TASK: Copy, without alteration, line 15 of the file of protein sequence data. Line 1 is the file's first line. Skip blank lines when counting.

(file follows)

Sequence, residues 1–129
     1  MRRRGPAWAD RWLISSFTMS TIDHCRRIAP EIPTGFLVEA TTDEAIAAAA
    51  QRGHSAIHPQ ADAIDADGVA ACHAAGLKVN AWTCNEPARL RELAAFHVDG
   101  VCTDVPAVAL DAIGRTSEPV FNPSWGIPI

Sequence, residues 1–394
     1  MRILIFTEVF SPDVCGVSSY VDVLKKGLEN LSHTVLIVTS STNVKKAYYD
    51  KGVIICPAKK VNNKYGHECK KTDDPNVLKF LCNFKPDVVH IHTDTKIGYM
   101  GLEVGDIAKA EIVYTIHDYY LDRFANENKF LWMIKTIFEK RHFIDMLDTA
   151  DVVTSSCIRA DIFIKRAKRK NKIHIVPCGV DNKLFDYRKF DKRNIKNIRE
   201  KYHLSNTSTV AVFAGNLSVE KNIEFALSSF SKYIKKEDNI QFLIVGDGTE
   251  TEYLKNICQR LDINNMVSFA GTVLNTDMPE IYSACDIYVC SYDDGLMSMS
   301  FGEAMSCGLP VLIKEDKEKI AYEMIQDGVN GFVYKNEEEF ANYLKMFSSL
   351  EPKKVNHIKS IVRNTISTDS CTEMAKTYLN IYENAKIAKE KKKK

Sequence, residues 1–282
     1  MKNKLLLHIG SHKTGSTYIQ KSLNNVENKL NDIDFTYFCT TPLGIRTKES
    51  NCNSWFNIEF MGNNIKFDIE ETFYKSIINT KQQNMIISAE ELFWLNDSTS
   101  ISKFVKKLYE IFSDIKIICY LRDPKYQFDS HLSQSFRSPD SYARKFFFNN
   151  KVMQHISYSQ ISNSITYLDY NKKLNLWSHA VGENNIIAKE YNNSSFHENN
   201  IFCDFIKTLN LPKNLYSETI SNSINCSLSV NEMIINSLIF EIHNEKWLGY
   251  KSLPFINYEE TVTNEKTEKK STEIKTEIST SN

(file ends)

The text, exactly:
     1  MKNKLLLHIG SHKTGSTYIQ KSLNNVENKL NDIDFTYFCT TPLGIRTKES